KHARTOUM, Sudan (AP) -- Sudanese security forces fired volleys of tear gas to disperse a demonstration held inside a women's university in the Sudanese capital Monday, witnesses said, the latest in a week-long wave of protests against the country's autocratic president.
The protest erupted at al-Ahfad university in the Khartoum suburb of Omdurman, a stronghold of the opposition. Two students told The Associated Press over the phone that hundreds of students clapped and chanted against the government of President Omar al-Bashir until the security forces barraged the building with tear gas.
"I saw students falling, fainting from the heavy gas. Ambulances rushed to the university," said one of the students. She said the gates had been closed by the administration to prevent the students from marching in the street.
The two students spoke on condition of anonymity for fear of retribution.
The protests are the largest in the Sudanese capital in years, and constitute one of the most serious challenges yet to al-Bashir in his 24 years in power.
It started last week when the government lifted fuel subsidies, causing food prices and transportation fares to spike. The protests quickly escalated into calls for al-Bashir's ouster.
Security forces have heavily cracked down on protests, killing at least 50 according to international rights groups. Journalists say that the government has imposed a media blackout on covering them.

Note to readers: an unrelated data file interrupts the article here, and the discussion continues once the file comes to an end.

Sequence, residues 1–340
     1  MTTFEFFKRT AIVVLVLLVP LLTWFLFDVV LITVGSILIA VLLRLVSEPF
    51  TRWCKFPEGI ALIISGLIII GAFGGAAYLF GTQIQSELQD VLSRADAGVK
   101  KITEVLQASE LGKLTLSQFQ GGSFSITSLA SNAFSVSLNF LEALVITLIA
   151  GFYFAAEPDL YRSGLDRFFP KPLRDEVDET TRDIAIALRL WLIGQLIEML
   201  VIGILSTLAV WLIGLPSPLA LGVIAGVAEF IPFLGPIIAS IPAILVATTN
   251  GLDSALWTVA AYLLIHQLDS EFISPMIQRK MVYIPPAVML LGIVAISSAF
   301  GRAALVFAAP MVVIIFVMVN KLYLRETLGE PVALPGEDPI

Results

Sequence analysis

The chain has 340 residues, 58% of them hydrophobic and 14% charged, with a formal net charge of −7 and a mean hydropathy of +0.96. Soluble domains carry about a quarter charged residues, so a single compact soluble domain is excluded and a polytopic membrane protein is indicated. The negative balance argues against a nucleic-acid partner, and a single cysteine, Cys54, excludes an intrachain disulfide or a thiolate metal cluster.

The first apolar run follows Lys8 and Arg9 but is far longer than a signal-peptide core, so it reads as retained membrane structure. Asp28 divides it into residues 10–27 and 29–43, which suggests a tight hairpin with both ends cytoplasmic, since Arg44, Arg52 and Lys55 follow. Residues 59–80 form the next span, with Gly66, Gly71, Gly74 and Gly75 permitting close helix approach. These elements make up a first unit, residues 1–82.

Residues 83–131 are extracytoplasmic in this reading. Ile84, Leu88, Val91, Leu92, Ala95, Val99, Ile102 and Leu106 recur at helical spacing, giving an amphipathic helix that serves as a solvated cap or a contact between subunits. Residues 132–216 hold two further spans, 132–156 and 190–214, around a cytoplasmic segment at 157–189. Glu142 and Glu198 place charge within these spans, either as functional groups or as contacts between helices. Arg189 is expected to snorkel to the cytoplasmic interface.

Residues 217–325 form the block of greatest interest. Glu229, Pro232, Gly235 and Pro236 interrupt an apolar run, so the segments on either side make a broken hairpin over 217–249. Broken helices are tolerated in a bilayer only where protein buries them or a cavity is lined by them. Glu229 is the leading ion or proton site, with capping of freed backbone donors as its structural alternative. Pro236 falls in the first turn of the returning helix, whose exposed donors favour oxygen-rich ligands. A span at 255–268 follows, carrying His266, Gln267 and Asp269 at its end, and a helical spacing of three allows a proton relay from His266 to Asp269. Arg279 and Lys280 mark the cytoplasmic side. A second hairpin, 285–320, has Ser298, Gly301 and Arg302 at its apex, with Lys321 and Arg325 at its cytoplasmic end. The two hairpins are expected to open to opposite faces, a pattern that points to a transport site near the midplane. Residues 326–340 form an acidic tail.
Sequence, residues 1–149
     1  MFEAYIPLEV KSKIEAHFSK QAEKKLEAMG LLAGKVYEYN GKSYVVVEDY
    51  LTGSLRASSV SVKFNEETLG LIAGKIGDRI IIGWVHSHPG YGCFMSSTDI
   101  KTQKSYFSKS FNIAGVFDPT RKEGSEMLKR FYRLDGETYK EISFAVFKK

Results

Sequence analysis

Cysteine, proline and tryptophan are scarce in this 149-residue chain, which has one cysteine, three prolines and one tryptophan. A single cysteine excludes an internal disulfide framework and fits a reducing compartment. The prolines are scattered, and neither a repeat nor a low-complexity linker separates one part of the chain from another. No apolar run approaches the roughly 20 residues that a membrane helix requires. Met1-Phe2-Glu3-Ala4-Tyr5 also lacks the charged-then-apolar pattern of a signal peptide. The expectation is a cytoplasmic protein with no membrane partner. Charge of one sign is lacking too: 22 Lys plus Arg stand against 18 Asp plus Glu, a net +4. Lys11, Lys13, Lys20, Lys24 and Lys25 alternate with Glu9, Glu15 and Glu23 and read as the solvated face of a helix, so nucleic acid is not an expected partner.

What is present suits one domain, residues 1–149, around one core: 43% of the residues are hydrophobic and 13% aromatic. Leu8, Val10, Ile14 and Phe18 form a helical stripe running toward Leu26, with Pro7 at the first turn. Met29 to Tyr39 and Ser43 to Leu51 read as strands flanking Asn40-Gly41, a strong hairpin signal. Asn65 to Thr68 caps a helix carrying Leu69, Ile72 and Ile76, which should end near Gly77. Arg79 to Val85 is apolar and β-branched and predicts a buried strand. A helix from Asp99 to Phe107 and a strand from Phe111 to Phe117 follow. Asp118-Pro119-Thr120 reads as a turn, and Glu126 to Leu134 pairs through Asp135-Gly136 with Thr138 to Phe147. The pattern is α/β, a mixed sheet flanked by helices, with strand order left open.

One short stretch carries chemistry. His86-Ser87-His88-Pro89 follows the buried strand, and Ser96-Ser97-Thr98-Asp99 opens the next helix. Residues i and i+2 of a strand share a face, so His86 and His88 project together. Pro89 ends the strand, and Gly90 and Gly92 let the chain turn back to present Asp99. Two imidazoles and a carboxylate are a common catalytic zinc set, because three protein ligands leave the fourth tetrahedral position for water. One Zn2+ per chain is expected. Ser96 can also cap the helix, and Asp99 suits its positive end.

In a rare show of defiance, a young Sudanese journalist accused two powerful ministers of lying when one of them, the Interior Minister Ibrahim Mahmoud Hamed, claimed that photos posted on social networking sites of slain protesters, reportedly killed by the security forces, were fabricated and shot in Egypt not Sudan.
"Why do you insist on lying?" journalist Burham Abdel-Moneim said during a news conference, video of which subsequently circulated widely on social media. He was addressing the Information Minister Ahmed Belal Osman who could be heard to mutter, "... will take measures against you."
Journalists fear to antagonize the authorities in Sudan, and rights groups say they are routinely harassed and arrested. Last week, editors say, authorities closed and confiscated newspapers and pressured the media to call protesters "saboteurs."
Osman said at the news conference that newspapers violated an earlier agreement with the government not to tackle "security issues," and that they "crossed a red line talking about security."
Sudanese Foreign Minister Ali Ahmed Karti has also defended the clampdown, saying, "Media make revolutions."
"If the revolution is created by media, we have to be serious in dealing with it," he told Al-Arabiya satellite network on Sunday from New York, where he was attending the U.N. General Assembly.
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